Purple Spring Review: Dirty Mind (1980)
Written by Mr. Harold Zo
My band and I will be taking over blogging responsibilities while Alexius takes the next seven days off. We managed to hack into the psychic connection he has with his editor friend (full credit to Quivver there). We got in, proposed this series on Prince, and more-or-less shanghaied the old cat into agreeing to the whole shebang.
Before we hook electrodes into Prince’s Dirty Mind like the mad scientists our child selves wanted to be, let’s introduce the lineup for this week. One review per day, seven in total. Coming up on the main stage for the next week running, we have the masterful musical menageries of:
1. Dirty Mind (1980)
2. 1999 (1982)
3. Purple Rain (1984)
4. Parade (1986)
5. Sign ‘O’ The Times (1987)
6. The Black Album (1988/1994)
7. Love Symbol (1992)
That will take us up the cascading, starlit road of Prince’s ascent, reach its purple-saturated apex, and finish as Prince approached the upheavals and shakier quality of the 1990s. Our journeys will carry us across the popular music map, traversing time, space, a whole continent of kink, and the acute, visionary sounds of a man who towers above all others who seek to carry a guitar and pick up dates at the same time. Let me tell you, it is possible with the proper weight training regimen.
Now! Let’s get the drum-machine roll started for Dirty Mind!
Prince performed nearly all of the instruments and all of the vocals for this album’s eight songs. He would drop some absurdly lengthy records later in his career, but this album prefers to blitz the listener, leaving her or him in a funk-induced catatonic state. Sparing no time to dawdle in extended jams or in any other distraction that might slow the momentum, Prince blazes through this thirty-minute studio set with no boundaries and a heck of a lot to prove.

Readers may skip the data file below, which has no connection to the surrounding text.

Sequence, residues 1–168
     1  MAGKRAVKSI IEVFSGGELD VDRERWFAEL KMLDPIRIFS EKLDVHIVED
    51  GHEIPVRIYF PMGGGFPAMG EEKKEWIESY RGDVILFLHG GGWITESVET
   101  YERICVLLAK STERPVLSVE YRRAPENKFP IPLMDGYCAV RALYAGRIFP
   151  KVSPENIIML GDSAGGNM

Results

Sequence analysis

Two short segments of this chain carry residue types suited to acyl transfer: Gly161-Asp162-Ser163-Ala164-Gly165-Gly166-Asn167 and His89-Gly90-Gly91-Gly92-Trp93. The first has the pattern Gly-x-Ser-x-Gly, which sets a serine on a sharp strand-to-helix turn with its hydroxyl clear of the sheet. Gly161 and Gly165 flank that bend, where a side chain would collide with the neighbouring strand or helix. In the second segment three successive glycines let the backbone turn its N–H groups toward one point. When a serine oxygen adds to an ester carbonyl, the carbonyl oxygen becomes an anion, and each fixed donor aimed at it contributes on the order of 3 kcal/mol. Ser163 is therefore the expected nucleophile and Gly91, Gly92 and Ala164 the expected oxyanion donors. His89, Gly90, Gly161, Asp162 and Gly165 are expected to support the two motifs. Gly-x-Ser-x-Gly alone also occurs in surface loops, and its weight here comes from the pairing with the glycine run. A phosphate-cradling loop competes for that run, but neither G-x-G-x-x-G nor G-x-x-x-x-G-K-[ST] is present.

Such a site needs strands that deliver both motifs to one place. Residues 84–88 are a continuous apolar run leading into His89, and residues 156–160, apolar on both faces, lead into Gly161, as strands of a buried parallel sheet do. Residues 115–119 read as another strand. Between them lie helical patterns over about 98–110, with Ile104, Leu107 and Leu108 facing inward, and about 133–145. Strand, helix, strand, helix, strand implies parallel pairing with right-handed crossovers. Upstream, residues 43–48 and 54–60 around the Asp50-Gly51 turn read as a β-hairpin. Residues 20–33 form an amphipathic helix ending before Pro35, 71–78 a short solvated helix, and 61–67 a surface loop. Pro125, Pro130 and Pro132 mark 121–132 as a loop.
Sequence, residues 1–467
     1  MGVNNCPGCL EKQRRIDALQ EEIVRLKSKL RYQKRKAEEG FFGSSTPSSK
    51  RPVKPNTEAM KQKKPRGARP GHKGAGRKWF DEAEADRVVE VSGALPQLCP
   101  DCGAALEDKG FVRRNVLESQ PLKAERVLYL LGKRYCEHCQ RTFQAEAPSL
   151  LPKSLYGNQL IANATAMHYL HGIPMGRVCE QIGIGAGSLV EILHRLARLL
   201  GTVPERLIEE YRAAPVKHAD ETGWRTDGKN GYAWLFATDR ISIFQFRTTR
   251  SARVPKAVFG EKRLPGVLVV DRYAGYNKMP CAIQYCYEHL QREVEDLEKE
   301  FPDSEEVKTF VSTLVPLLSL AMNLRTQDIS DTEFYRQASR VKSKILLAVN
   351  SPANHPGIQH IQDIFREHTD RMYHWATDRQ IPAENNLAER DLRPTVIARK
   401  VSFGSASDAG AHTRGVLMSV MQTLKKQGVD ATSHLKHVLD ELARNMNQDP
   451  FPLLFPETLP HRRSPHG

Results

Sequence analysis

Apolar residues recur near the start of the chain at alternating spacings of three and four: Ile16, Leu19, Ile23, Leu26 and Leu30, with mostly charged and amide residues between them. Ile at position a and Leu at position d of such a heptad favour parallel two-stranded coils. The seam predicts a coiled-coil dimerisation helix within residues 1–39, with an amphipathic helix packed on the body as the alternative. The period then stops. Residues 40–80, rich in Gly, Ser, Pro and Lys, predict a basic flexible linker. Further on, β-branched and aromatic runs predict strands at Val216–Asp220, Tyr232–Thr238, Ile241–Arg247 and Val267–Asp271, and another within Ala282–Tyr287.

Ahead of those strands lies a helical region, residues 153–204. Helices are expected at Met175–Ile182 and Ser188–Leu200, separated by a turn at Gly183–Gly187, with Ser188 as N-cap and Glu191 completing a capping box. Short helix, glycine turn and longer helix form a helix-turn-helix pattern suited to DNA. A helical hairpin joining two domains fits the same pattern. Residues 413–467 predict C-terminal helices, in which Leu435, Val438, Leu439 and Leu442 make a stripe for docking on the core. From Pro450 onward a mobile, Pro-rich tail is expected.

The album’s sound is constructed on straight-from-the-gut propulsive beats luxuriously bathing in synths. Organic sounds tend to muscle their way in through bass grooves and spiky guitar work. Later on, Prince’s music will be awash in glittery production but here the sound is far more open and spare. The album is so tight already that I fear adding more sounds to it would cast it off balance, like a spinning top. Other than an exclamatory keyboard solo near the end of “Head,” Prince keeps the focus squarely on infecting the ears of the listener with insidious, probably borderline-illegal grooves.
Dirty Mind never sticks its head–or any other part of its impressive body–in one genre for very long. Often, it’s pulling from all over the place. Its blatantly calculated shock value aside, the incest-themed “Sister” (which has quite the head-spinning effect on me despite its 90-second span) is an impressive punk song. Like the rest of the album, it’s a model of efficient music that has a goal in mind, accomplishes it, and retreats. Even the longer pieces like the street-level celebration “Uptown” and the final track, “Partyup,” focus on rocking hard rather than all night long. Prince probably has some important business to take care of, so there’s no reason to gild the lily. Avoiding double entrendres and going straight for the heart of the matter, Prince sings mostly in the upper level of his vocal range. Call me crazy, but even as a devil-spawn rock star who used to moonlight as an English teacher, I started to dig his skeletal beats and unabashed danceability. Disco might have died by the time 1980 shambled upon the world, but Dirty Mind still has a use for it along with its New Wave, punk, and more straightforward rock influences. It’s funky, but in a more lucid, businesslike, yet still hot way. It’s worlds away from Parliament/Funkadelic and anticipates still more radical shifts in direction that the Purple One would take later.
It’s too bad I didn’t get to hear any tear-duct shattering guitar solos here. Otherwise, Dirty Mind is just about flawless. Profane but tender songs like “When You Were Mine” lead seamlessly into blazing dance tracks like “Do It All Night.” Styles merge, and the sonic world we live in is sparse but rich, curated and sensually sophisticated. Rock gods, take notice. This is how you do grand! This is the way the music of the 1980s should have gone! I’m a broken man with a broken eardrum, but I can hear loud and clear that this album still sounds current thirty years after it dropped.
Rock gods, I’m sorry if I gave you offense. I’ll do my customary penitence and offer up a bounty of cocaine to the ablution fires. I quit the stuff years ago, but I know how you old guys do love the stuff.
Keep tuned in for a review of 1999 tomorrow. Those clueless rock stars only think they have me fooled. I’ll do ’em in in the end.–Alexius